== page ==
I'm using Django forms. I'm validating in the model layer:

def clean_title(self):
    title = self.cleaned_data['title']
    if len(title)  < 5:
        raise forms.ValidationError("Headline must be more than 5 characters.")
    return title

However, there are some things that I need to validate in the views.py . For example...was the last time the user posted something more than a minute ago?

That kind of stuff requires request.user, which the models layer cannot get. So, I must validate in the views.py. How do I do something in the views.py to do the exact thing as this?

raise forms.ValidationError("Headline must be more than 5 characters.")
  • 1
    That doesn't look like validating in the model layer (as in the django.db.models.Model. Do you mean the django.forms.Form/ModelForm layer? I guess so Dec 19, 2010 at 10:02
  • I have a similar requirement for a different reason: there's a field that's only sometimes required, depending on the page, so the view needs to enforce it as it's tightly coupled to the page.
    – Rob Grant
    Jul 31, 2014 at 7:14

3 Answers 3


I think gruszczy's answer is a good one, but if you're after generic validation involving variables that you think are only available in the view, here's an alternative: pass in the vars as arguments to the form and deal with them in the form's main clean() method.

The difference/advantage here is that your view stays simpler and all things related to the form content being acceptable happen in the form.


# pass request.user as a keyword argument to the form
myform = MyForm(user=request.user)

# IN YOUR forms.py
# at the top:

from myapp.foo.bar import ok_to_post # some abstracted utility you write to rate-limit posting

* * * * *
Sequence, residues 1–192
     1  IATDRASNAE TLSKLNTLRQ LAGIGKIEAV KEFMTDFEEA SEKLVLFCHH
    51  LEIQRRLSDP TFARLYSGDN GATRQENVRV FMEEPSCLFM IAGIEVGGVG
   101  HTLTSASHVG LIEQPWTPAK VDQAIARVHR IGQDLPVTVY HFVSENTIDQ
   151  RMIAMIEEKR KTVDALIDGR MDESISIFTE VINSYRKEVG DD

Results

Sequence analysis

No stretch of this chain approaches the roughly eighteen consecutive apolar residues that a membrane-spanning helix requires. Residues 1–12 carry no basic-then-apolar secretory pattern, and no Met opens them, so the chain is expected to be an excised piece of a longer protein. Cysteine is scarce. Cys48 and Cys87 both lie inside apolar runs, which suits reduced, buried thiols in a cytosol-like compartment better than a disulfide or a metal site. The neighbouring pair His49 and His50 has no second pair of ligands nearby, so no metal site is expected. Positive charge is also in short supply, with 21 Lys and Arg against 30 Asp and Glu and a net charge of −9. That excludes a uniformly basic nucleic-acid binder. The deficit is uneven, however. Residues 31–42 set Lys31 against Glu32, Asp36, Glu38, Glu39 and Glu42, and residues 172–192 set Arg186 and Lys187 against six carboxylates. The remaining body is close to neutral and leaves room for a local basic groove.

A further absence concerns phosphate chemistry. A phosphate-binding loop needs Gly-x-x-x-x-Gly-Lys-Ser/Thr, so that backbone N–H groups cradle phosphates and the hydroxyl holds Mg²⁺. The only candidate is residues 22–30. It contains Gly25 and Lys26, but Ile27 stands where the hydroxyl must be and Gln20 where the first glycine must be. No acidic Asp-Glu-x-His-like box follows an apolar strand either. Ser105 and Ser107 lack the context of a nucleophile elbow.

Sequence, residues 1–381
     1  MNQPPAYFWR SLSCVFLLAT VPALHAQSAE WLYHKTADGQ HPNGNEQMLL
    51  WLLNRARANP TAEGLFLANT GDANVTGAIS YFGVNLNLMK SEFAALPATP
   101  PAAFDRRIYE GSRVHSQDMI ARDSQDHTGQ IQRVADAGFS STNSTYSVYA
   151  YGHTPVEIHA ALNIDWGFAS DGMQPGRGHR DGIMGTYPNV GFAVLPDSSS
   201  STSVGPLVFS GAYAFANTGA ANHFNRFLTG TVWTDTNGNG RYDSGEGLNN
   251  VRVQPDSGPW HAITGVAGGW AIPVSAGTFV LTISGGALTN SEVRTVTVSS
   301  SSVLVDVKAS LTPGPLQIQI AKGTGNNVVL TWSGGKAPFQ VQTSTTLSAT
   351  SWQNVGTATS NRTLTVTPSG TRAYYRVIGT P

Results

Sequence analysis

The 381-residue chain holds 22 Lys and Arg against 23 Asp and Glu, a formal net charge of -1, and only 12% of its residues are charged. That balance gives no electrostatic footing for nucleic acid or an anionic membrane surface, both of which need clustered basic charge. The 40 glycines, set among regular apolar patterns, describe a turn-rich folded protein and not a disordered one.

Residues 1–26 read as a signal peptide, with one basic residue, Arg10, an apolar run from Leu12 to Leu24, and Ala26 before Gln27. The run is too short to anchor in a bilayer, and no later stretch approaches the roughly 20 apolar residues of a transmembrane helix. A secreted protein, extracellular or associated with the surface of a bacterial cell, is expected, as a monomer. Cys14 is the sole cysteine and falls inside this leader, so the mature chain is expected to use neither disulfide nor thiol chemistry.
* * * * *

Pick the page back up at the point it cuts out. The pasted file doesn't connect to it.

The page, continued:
# and in your particular Form definition

class MyForm(forms.Form)

   ... your fields here ...

   def __init__(self, *args, **kwargs):
      self.user = kwargs.pop('user')  # cache the user object you pass in
      super(MyForm, self).__init__(*args, **kwargs)  # and carry on to init the form

   def clean(self):
      # test the rate limit by passing in the cached user object

      if not ok_to_post(self.user):  # use your throttling utility here
          raise forms.ValidationError("You cannot post more than once every x minutes")

      return self.cleaned_data  # never forget this! ;o)

Note that raising a generic ValidationError in the clean() method will put the error into myform.non_field_errors so you'll have to make sure that your template contains {{form.non_field_errors}} if you're manually displaying your form

  • Great solution. Is this a hack? I love it though, ty
    – TIMEX
    Dec 19, 2010 at 12:42
  • No, I'd not call it a hack. It's just leveraging the Django Form classes more than the default/tutorial approach. I've used it plenty of places and (as long as you are aware of what pop() will do, in that it removes the keyword argument from kwargs, there's nothing to catch you out. If you don't want to remove it from kwargs, use get() instead. Dec 19, 2010 at 12:46
  • Nice! By your solution, I could pass the request object on the form so I could check the text content of the uploaded file. Jun 25, 2021 at 13:49

You don't use ValidationError in views, as those exceptions as for forms. Rather, you should redirect the user to some other url, that will explain to him, that he cannot post again that soon. This is the proper way to handle this stuff. ValidationError should be raised inside a Form instance, when input data doesn't validate. This is not the case.

  • 3
    I think this is a good approach, but from a usability point of view it'd be even better to just add that message as a flash/django.contrib.messages message and not redirect to a new page, but just render the filled-out form again. That way, the user can wait, say, 50 seconds, and submit the data again, without having to retype it all Dec 19, 2010 at 10:17

You can use messages in views:

from django.contrib import messages

messages.error(request, "Error!")

Documentation: https://docs.djangoproject.com/es/1.9/ref/contrib/messages/

  • Messages is a simple effective solution for a simple form error.
    – MagicLAMP
    Jan 7, 2017 at 20:22
  • 1
    but how to apply messages when you in forms.py?
    – Romeo
    Jul 1, 2018 at 9:25

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